The Hall of Fame will welcome a new class with the announcement of the BBWAA’s balloting this Wednesday. It is expected by many that this year’s class will feature only two player, second baseman Roberto Alomar, and pitcher Bert Blyleven. Both players narrowly missed election last year, but are expected to reach the 75 percent threshold this time around.
Chris Jaffe of the Hardball Times penned a terrific column today in which he breaks down his predictions on this year’s balloting. It’s definitely worth the read. While Jaffe tells us the who of this class, he also explains what factors lead him to his predictions and further, to interest of Tigers fans, gives us this nugget:
In many ways the key for this election is what happens to Barry Larkin and Jack Morris. Whoever ends up on top will lead Hall of Fame discussion next year, in which a very weak crop of newbies emerges. That person will also be in the best position to enter Cooperstown in 2012. That’s really key because in 2013 and then again in 2014 an unprecedented deluge of strong candidates arrives. It will be a long, long time until any of the current backloggers gets in once that happens. Next year is Morris’ only chance for BBWAA election.
As a Tigers fan, I have felt strongly for some time now that Morris should be included among the all-time greats. I must admit, however, that I’m not optimistic that either Morris or Alan Trammell will ever reach the needed vote totals to be elected via the BBWAA vote. Morris has the best shot, obviously, but I think Larkin is the better candidate overall and I seriously doubt the BBWAA as a group will bump Morris’ totals high enough this year to make a legitimate push next year. I think he eventually gets in, but the honor will come via the Veteran’s Committee rather than the writers.
Even if Jaffe is correct and Morris and Larkin lead the ballot in 2012, I don’t think you’ll see more than one of them elected. If Larkin gets a higher percentage this year, I think Larkin will be a one-man class in 2012. If it’s Morris that ends up with more support, there a shot you could see both get in next year, but my gut says that Larkin is the only candidate who sees election next year, if any do.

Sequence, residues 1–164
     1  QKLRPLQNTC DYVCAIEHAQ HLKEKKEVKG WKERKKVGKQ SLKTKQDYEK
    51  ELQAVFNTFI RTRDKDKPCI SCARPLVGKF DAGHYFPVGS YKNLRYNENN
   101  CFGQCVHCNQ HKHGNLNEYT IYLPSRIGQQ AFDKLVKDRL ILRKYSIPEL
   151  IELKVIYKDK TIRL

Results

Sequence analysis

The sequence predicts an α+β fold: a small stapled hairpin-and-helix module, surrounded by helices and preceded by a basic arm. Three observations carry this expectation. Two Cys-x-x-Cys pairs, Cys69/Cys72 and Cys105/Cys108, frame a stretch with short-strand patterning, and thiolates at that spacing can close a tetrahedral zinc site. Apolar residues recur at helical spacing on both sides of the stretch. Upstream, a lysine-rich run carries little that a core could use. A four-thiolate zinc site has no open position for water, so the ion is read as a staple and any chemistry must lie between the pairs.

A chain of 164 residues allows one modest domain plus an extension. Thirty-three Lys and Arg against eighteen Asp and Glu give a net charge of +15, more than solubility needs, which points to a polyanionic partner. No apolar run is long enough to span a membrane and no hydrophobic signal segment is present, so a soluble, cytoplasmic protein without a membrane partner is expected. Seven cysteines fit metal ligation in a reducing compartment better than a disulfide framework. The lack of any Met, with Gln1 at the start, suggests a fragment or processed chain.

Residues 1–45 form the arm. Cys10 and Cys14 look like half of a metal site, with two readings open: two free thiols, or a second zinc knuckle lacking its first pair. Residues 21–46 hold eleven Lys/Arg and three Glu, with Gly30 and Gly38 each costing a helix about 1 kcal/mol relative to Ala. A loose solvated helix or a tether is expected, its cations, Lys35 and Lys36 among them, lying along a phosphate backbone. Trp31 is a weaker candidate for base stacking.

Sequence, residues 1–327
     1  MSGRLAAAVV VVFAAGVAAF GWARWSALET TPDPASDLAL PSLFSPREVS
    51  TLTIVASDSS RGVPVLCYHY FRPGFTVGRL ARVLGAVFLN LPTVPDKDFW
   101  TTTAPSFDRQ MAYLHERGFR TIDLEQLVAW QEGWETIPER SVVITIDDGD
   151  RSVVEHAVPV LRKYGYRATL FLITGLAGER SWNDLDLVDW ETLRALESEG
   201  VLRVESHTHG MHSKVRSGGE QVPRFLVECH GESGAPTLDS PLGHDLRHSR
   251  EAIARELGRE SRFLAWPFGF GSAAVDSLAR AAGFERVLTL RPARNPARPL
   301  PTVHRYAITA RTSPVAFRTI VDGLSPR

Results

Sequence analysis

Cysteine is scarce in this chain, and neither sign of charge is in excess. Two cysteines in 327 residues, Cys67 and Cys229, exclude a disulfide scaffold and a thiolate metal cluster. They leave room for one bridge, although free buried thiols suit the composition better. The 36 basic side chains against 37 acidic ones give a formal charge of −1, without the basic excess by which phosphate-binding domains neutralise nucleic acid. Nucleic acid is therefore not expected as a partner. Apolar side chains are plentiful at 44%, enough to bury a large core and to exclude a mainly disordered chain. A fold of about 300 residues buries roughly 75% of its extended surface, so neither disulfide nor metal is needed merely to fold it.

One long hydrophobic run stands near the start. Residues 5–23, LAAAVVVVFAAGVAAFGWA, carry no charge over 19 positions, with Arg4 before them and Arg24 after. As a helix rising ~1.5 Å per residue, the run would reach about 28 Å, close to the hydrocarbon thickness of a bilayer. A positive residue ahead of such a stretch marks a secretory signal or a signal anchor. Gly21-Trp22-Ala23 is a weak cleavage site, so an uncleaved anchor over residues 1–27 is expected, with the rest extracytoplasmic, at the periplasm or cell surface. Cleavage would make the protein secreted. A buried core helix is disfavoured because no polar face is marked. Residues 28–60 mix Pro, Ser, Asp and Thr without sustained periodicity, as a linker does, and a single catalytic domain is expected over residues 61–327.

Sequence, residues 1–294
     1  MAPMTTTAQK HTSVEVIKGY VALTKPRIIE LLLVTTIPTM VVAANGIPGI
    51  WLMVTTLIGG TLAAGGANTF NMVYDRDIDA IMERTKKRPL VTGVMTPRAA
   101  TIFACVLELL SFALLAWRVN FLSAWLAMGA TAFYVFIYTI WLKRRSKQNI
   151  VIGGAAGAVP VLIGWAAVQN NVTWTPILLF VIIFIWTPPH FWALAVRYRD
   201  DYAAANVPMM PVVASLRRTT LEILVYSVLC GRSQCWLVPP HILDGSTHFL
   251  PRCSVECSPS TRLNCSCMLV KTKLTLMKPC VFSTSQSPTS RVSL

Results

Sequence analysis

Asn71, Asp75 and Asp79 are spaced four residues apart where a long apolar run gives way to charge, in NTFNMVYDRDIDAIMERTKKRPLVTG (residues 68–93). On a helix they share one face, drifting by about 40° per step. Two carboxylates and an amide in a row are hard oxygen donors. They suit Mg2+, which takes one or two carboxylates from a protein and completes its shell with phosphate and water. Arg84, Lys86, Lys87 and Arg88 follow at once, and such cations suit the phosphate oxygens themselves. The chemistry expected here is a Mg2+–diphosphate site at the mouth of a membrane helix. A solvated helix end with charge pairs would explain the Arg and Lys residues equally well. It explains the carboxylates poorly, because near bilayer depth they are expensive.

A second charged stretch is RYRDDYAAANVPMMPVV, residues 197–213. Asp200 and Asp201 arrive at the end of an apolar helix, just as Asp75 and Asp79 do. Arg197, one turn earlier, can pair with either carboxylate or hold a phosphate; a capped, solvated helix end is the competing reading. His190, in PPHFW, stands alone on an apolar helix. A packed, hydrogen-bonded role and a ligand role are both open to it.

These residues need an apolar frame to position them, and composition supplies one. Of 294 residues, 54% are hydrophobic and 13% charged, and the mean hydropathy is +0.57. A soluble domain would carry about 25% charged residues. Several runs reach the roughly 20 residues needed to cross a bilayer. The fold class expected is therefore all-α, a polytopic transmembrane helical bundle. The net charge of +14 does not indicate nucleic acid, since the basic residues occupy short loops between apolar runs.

Trammell, on the other hand, has always been the more Hall-of-Fame-worthy of the two Tigers on the ballot (apologies to Bobby Higginson here, but in all seriousness Higgy’s a one and done candidate), in my opinion. Trammell played 20 seasons as the shortstop for the Tigers. He amassed over 2300 hits, he won a World Series, complete with Series MVP honors in 1984 and he should have been the AL MVP in 1987. Trammell’s career is not much different from that of Larkin’s. Don’t think so? Go read this.
While Larkin played in the shadow of Ozzie Smith for the early part of his career, Trammell’s career was almost entirely played at the same time as Cal Ripken‘s. It’s darn difficult to be considered a Hall of Famer when you weren’t ever considered the best at your position during your career. But when the best just happens to be one of the best ever, Trammell shouldn’t be penalized for that. Larkin and Trammell have very similar statistics but because Smith retired (and passed the torch to Larkin) during Larkin’s prime, the former Red was considered the best shortstop in the National League for a portion of his career. Trammell wasn’t afforded the same luxury by Ripken, however.
The Hall of Very Good opined on Trammell’s case today as well. They feel that Trammell was in fact a very good player, but they don’t see Hall of Fame material there. It appears the voters agree with them, and I think Trammell will spend the next five years in roughly the same place as the last ten; on the outside looking in, hoping for a Veteran’s Committee bailout.
Of the shortstops already in the Hall, only eight have more hits than Trammell totaled. Only three hit more home runs and only eight drove in more runners. Trammell’s numbers are very much Hall worthy, but the perception is that he just wasn’t that good.
Perhaps one day Trammell will get the nod he deserves and go into Cooperstown. I hold out hope that he can be joined there by Lou Whitaker, whose one and done candidacy remains the biggest whiff in Hall of Fame history as far as I’m concerned.